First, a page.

It's Veterans Day in the U.S. (Remembrance Day in Canada) but today is also the day that commemorates another American tradition - it's the day Route 66 was established in 1926.
Picture from Wikipedia user Howcheng
Road of Many Names
It's known best as Route 66, of course, but the famous Highway has about as many names as its Route number. A couple of its other aliases: • Will Rogers Highway. The U.S. Highway 66 Association unofficially deemed the route Will Rogers Highway in 1952. There's a plaque in Santa Monica that says as much, and some more that tell the WIll Rogers story elsewhere along the route. • The Mother Road. John Steinbeck was the first to call it the Mother Road in The Grapes of Wrath in 1939. • The Great Diagonal Way. There's a very practical reason for this - from Chicago to Oklahoma City, the Route runs diagonal across the country. • The Main Street of America. This moniker was given to Route 66 by the U.S. Highway 66 Association. When the new Interstate Highways were starting to be built in 1955, the Association started to become worried that people were going to forget the history behind Route 66, so they started marketing it as The Main Street of America to try to keep interest alive. Unfortunately, they were right - Route 66 was decommissioned in 1985.
When I say humble beginnings, I'm not kidding. In 1857, General Ned Beale (a Renaissance Man if there ever was one) was commissioned to figure out if camels were suitable for use as pack animals in the U.S. - in fact, Congress designated $30,000 for this project - a considerable amount of money then. The project was referred to as the U.S. Camel Corps. He led a pack from Fort Defiance to the Colorado River and was pleased that they needed so little water, plus they were strong and able to move quickly across all types of landscapes. So why aren't camels more widely used today? Well, it turned out that they were stubborn and temperamental, and were prone to scaring horses. However, the path that Ned Beale led them on proved to be an efficient route, and it eventually became part of Route 66.
The Father of Route 66
Certainly, we have Ned Beale to thank for the discovery of the trail itself, but Tulsa native Cyrus Avery was the true champion of the cause. He was the member of the federal board that created the Federal Highway System. The board was responsible for finding proper routes and marking them as Federal routes. At that time, Route 66 wasn't even totally paved. Thanks to his efforts, the U.S. Highway 66 Association was created, the whole route was paved (eventually - it took until 1938), and marketing efforts were undertaken to promote travel.
OK, I consider myself an amateur runner (really, really amateur), but this just sounds awful to me: The Bunion Derby. It was a promotional race in 1928 that took runners from L.A. to New York. That's 3,455 miles. At about 40 miles a day, it took runners 84 days to cover all of Route 66. First place won $25,000; second took $10,000; third was $5,000; fourth was $2,500 and fifth through 10th places were each awarded $1,000. If you finished the race, the odds were nearly one in five that you would find one of the cash prizes: even though 199 runners started the race in L.A. on March 4, only 55 finished in New York City on May 26th.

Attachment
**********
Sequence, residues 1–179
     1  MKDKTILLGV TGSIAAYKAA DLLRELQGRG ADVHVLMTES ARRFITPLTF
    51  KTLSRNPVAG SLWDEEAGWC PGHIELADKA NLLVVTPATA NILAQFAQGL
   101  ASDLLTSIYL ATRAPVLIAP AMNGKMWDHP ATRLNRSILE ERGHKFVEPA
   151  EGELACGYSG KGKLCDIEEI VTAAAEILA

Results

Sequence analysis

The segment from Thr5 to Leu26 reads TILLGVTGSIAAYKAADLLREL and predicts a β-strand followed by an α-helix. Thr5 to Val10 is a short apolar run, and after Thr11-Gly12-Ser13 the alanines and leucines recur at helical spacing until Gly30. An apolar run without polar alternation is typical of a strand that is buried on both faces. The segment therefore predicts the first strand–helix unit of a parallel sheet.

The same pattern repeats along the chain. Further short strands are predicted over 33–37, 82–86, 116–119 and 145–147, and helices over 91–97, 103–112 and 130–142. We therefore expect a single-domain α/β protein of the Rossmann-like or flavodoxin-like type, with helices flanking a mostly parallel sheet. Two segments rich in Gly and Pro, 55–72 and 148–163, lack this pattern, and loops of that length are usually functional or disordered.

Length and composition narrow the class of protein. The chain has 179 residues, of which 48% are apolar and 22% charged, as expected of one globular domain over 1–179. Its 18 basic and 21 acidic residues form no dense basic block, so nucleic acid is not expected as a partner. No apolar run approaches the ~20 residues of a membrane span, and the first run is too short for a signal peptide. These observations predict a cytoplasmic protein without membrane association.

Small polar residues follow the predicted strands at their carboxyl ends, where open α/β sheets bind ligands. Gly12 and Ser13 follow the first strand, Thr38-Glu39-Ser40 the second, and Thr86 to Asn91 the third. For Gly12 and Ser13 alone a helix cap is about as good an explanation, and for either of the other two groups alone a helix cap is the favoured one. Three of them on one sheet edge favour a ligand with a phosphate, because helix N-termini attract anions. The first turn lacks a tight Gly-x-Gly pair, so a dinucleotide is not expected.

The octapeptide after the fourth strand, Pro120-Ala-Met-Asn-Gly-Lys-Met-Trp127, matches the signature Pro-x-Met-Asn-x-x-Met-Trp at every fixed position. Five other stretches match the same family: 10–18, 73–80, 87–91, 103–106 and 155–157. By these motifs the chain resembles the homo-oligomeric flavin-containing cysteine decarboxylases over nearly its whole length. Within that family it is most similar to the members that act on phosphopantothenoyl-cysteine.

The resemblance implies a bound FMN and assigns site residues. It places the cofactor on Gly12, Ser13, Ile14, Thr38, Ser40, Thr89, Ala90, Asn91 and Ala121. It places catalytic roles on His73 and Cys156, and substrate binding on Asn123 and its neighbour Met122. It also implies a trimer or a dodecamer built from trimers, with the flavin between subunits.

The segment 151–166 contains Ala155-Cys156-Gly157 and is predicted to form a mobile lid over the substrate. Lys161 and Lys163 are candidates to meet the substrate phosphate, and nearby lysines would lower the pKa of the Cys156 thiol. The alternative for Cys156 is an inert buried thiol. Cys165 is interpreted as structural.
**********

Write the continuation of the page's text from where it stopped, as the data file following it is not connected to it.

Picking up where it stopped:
I love quirky road trip stops, so I wish Route 66 was still fully intact so I could see some of this stuff. A few of them are still around, but not nearly in the numbers they used to be. • Meramec Caverns. I know these caverns best as the spot where The Adventures of Tom Sawyer was filmed. But it also was supposedly one of Jesse James' hideouts. The story is that he and his brother holed up in the caves and the sheriff planted himself out front and waited for days. The caverns were so huge (4.6 miles) that Jesse and his brother easily found another way out, making the sheriff look like a fool.
• Red's Giant Hamburg (not hamburgers) in Springfield, Mo., claimed to be the first drive-through restaurant ever. Sheldon "Red" Chaney said that he decided customers probably didn't want to get out of a car, so he just had them pull up to a window and yell their order through. Red retired in 1984 and his legendary "Hamburg" (he didn't measure the sign right and ran out of room for letters) is no longer in service. The picture is from Birthplace of Route 66. • Meteor Crater is a stop near Winslow, Arizona. It's about 570 feet deep and 4,000 feet in diameter - in short, it's huge. It was created, oh, about 50,000 years ago. When people were doing research at the crater in 1906, a post office was even established there, since the nearest post office was an inconvenient 30 miles away in Winslow. • The Painted Desert. I'm sure you guys are familiar - it's an area of desert in Northern Arizona known for its gorgeous, brightly-colored landscape. Sadly, Route 66 is all but dead today. There are definitely some big chunks of it that are still in service, but as a major tourist attraction, it's dwindling fast. Several associations and societies have formed within the last 15 years or so to try to get some of the attractions along the route declared as historical sites, so maybe we'll see a revival. Got any good Route 66 stories to share? Leave them in the comments! We'd love to hear how it factored into your road trips.